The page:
Hotel and short term stay industry growth and regulation
The Malaysian hotel industry has experienced a slight decline because tourists and visitors are choosing alternative short term housing options for their stay. Services like Airbnb are tempting visitors to choose homes and apartments as their accommodations for various reasons including convenience and cost flexibility. Home sharing services are benefiting through this shift of preference. Guests choose between single room spaces, shared spaces, full houses, and a list of alternative housing options.
Home sharing spaces are growing at a high rate in Malaysia and attaining high traction from tourists and homeowners who want to increase their income by offering their homes for short term rental. The hotel industry has claimed that the increase of short term rentals and home sharing spaces.
Hotel owners have estimated a decrease of about five to fifteen percent loss due to alternative short term housing options in Malaysia. Hotel owners have also claimed that consumers are in danger and face safety issues in short term rental spaces that do not follow industry guidelines. The hotel industry has expressed concerns that the home sharing platforms do not follow the same hospitality regulations as the hotels, hotel owners also complain that short term rental participants are not faced with the same tax regulations as Malaysian hotels.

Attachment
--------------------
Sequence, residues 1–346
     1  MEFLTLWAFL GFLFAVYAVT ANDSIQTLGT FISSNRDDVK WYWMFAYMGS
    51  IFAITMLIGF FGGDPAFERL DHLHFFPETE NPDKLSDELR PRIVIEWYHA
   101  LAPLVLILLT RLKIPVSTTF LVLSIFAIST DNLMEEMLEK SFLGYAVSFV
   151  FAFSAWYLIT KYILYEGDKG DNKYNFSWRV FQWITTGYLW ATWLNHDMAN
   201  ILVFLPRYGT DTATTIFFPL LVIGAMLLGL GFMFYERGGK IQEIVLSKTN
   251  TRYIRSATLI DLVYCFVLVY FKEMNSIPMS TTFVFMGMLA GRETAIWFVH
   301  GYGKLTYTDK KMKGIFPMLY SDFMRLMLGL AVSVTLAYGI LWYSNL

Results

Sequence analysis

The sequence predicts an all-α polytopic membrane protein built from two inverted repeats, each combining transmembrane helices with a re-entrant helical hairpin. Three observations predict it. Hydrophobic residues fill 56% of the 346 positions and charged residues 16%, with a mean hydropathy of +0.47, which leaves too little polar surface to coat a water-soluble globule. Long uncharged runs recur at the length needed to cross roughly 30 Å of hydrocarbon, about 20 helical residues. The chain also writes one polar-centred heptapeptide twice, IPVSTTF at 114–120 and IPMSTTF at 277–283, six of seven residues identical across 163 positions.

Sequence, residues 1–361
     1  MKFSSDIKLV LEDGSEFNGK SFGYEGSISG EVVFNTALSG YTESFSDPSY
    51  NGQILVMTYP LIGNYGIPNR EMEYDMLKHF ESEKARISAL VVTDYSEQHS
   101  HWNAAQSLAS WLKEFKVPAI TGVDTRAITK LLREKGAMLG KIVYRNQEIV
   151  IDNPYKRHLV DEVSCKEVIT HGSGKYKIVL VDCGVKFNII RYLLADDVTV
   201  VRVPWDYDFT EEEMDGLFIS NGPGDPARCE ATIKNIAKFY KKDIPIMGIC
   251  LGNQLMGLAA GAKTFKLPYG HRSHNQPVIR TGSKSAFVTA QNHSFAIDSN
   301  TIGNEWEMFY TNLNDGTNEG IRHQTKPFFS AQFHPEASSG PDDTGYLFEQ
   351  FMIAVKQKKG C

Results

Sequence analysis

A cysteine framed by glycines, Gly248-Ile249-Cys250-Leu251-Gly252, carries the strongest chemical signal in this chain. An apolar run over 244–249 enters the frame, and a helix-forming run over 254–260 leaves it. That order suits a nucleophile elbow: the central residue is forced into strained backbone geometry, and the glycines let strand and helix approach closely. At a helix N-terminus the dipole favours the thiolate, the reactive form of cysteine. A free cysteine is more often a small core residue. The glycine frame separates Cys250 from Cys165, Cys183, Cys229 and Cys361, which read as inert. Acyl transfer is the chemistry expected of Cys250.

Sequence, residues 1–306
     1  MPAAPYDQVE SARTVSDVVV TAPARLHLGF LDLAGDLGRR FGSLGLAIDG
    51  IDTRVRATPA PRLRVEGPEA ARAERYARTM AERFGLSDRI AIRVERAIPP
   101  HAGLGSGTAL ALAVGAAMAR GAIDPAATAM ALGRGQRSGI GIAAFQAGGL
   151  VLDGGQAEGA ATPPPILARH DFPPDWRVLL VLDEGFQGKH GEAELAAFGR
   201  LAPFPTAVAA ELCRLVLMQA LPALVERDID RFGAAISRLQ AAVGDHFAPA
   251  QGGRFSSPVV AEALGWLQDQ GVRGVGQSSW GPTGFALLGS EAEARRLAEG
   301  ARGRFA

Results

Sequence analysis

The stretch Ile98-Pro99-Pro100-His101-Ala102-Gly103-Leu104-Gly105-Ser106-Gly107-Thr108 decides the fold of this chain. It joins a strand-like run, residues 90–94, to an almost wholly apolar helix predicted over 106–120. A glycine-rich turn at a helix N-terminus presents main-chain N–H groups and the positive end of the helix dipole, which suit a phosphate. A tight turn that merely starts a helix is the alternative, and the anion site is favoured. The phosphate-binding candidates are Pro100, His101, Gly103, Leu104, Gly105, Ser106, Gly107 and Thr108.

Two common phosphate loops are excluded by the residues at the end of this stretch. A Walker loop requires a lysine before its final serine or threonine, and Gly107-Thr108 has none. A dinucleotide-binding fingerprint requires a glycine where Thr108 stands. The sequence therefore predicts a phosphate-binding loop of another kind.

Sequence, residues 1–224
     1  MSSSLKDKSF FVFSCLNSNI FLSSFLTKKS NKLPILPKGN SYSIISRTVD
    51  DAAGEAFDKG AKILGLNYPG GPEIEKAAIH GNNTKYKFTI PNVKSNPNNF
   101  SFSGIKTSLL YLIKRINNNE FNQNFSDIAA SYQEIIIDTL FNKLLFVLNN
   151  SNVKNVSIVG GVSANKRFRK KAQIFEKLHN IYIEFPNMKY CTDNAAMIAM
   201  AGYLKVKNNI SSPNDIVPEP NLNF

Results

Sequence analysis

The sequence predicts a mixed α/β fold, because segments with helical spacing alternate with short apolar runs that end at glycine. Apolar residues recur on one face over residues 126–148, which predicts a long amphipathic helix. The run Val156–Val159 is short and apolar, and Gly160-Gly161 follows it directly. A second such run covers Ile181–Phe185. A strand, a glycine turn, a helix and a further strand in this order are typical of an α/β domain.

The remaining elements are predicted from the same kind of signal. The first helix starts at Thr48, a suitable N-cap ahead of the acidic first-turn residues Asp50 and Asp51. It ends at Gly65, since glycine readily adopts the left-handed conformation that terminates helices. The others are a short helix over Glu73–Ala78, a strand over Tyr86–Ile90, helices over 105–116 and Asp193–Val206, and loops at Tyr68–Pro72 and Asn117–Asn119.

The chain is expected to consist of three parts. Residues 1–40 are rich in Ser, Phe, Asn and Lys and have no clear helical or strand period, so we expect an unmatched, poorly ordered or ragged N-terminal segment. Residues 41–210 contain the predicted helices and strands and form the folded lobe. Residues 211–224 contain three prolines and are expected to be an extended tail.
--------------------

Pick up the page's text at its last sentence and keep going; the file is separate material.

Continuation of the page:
The Malaysian hotel industry has called for the Malaysian government to regulate the influx of short term rental and housing options in the city. Urban planning and tourism officials are in ongoing discussion on the issue of hotels and short term rentals in Malaysia. Government regulation on short term rentals is a complicated topic within the urban planning and tourism real of Malaysia.
City tourism officials estimate over 36 million tourists traveling to Malaysia by 2020, increasing the demand for short term housing and hotel options.